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I learn a huge amount from my clients, and I particularly love it when a piece of reflection blows me away, as happened recently (recounted with permission).

The phrase that hooked me was a shortened version of Newton’s third law – for every action there is an equal and opposite reaction – about cause and effect. In summarising in session, my client explained a realisation about expressing emotion. His thinking was that if for every action there is a reaction, then by denying the reaction the action would still play out but in other ways…or words to that effect.

What I heard in this was a really visual and simply explained perspective of the impact on mental and physical health if there is no scope for emotional release, whether avoided, denied, or considered not permitted; and while the explanation was fabulous for me to hear, more importantly the understanding appeared momentous to the client himself.

This reminds me of the book, The Transparent Self, by Sidney M. Jourard, in which the author considers self-disclosure; exploring, as the blurb states, how “man has chosen concealment rather than ‘openness’, a route that all too often results in sickness, misunderstanding and alienation from self”.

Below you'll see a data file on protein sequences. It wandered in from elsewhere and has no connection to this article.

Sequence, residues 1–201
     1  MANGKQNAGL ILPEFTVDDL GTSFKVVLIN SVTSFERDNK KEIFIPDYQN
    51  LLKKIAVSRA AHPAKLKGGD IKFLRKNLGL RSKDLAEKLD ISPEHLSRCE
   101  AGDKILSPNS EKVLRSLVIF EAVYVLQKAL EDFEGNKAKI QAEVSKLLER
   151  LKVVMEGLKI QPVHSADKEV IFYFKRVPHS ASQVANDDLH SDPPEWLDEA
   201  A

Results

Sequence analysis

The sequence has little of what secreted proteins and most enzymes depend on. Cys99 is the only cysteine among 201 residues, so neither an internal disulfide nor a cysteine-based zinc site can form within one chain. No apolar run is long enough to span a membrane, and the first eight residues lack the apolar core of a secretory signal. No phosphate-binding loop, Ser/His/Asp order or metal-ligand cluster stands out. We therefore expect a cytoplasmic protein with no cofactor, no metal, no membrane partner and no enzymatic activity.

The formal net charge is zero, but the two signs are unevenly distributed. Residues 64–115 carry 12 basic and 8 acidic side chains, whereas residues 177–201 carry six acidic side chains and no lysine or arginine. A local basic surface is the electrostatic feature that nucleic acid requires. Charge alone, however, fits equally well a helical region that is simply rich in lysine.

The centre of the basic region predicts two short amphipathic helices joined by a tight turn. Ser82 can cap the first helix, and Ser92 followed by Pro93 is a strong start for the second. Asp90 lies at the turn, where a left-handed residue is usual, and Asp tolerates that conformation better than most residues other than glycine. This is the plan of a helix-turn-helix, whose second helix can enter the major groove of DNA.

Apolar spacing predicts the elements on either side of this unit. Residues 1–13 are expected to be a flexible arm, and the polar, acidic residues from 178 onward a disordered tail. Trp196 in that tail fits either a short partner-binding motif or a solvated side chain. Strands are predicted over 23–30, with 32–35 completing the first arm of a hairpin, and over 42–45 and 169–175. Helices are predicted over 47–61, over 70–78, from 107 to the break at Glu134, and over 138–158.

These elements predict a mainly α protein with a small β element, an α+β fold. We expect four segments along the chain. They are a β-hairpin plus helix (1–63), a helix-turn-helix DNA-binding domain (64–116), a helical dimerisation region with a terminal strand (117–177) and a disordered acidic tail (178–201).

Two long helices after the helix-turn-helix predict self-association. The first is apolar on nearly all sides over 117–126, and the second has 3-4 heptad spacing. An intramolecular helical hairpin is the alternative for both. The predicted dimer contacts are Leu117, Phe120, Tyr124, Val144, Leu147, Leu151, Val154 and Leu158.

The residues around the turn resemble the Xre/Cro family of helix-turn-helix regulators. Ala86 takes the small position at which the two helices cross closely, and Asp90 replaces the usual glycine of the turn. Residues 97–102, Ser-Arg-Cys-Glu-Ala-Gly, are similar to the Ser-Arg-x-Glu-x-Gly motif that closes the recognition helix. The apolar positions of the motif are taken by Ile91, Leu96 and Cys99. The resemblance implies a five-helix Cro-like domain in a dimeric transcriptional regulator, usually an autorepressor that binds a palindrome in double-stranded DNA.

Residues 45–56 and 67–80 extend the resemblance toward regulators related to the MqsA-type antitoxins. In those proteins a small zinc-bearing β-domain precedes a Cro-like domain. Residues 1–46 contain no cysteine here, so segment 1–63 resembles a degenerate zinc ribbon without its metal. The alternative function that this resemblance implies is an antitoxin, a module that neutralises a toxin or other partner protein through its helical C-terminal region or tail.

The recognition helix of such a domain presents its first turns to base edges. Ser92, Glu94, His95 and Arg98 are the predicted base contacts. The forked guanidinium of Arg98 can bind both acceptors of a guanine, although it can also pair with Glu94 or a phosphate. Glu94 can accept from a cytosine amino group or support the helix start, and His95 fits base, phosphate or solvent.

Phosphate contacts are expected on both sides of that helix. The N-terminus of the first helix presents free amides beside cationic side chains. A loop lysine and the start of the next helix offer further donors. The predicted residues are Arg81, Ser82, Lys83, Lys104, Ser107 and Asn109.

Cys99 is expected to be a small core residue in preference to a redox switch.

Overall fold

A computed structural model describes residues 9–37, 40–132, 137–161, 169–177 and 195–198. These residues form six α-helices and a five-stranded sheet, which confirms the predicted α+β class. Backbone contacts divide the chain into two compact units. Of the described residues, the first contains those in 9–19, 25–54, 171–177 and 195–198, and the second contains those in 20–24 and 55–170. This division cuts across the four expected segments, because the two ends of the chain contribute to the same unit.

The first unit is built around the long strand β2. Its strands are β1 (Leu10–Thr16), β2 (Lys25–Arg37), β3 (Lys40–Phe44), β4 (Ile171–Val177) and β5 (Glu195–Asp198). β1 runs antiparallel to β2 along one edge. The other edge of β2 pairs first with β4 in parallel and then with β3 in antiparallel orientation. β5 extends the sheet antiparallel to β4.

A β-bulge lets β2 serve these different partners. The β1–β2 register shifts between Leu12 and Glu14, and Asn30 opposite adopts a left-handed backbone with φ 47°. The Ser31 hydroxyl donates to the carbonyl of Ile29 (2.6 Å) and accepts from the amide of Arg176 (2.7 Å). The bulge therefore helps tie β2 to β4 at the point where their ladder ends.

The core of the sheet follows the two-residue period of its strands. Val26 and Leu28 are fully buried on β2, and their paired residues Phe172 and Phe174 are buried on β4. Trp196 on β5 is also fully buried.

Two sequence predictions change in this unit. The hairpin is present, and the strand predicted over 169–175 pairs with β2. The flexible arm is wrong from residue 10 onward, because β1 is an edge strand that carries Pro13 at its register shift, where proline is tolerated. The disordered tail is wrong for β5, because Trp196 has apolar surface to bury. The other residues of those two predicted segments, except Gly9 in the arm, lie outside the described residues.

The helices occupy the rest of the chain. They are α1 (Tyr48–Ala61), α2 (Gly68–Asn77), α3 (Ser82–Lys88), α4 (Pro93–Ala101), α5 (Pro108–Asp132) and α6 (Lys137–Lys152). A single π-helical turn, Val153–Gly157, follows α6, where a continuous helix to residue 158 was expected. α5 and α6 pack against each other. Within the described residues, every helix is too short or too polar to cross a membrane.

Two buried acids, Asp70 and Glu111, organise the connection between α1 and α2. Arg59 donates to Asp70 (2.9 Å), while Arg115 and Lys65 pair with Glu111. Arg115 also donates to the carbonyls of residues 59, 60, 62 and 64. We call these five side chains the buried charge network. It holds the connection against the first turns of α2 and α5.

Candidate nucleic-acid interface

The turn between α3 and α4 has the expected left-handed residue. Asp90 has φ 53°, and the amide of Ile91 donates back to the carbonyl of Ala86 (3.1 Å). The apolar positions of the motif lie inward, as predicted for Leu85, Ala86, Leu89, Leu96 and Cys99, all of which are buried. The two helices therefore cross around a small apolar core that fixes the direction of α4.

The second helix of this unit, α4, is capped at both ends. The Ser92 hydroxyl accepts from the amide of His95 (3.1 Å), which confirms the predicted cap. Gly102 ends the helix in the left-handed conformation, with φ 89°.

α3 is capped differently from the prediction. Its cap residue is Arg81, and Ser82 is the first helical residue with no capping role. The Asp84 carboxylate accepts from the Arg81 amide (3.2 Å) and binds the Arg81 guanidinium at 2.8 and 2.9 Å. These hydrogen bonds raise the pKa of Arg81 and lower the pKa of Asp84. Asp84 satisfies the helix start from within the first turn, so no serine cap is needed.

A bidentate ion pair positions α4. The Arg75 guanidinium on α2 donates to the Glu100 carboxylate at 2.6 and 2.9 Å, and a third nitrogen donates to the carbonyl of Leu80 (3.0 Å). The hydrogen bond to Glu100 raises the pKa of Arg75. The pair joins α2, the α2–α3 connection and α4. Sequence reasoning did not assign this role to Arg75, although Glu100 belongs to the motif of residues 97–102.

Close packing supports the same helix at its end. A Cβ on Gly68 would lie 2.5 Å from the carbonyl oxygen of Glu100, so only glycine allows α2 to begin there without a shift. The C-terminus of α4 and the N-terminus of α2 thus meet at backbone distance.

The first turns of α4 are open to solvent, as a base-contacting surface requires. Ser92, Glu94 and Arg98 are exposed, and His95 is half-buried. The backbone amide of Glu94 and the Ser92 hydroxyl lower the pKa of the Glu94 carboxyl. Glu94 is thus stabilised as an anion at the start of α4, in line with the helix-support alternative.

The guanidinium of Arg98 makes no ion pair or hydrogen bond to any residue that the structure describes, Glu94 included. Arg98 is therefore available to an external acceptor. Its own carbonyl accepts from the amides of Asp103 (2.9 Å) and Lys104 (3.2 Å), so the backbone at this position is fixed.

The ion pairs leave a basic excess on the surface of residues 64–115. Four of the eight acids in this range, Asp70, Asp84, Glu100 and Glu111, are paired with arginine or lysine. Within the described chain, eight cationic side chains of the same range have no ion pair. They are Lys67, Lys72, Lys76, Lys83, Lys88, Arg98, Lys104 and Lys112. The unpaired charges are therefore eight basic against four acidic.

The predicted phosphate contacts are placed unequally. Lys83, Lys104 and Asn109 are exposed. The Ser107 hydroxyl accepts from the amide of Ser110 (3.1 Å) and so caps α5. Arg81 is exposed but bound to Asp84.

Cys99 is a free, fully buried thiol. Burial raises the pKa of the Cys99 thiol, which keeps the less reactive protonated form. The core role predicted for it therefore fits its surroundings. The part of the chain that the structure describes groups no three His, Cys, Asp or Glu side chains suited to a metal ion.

What particularly struck me was that my client is a male, and I immediately recalled chapter 4 in the book, which starts with a bold, but apparently factual five words – “Men die sooner than women” – and which goes on to say that there is no biological difference between men and women that can be found that suggests there is any reason why there is this inequality in life expectancy. The author’s premise, of course, is that protection of a ‘manly’ image and the hiding of a man’s real self could be the cause of enough stress to ultimately impact on physical health, hence the figures.

“This feels weak” is a common first introduction to me by male clients, and it feels like they initially don’t believe me when I explain that my client base is generally made up of more men than women at any given time. I am, however, telling the truth, and given my client’s realisation and my own reflections on it and my previous reading, I feel heartened that men are engaging with the talking therapy process. You never know, that life expectancy imbalance might just become a thing of the past…

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